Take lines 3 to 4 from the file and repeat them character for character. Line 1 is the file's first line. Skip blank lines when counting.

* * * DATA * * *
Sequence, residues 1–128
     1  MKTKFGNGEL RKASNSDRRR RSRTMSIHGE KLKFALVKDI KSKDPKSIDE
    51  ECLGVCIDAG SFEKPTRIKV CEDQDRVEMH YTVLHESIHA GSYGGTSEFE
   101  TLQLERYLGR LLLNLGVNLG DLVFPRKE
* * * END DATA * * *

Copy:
    51  ECLGVCIDAG SFEKPTRIKV CEDQDRVEMH YTVLHESIHA GSYGGTSEFE
   101  TLQLERYLGR LLLNLGVNLG DLVFPRKE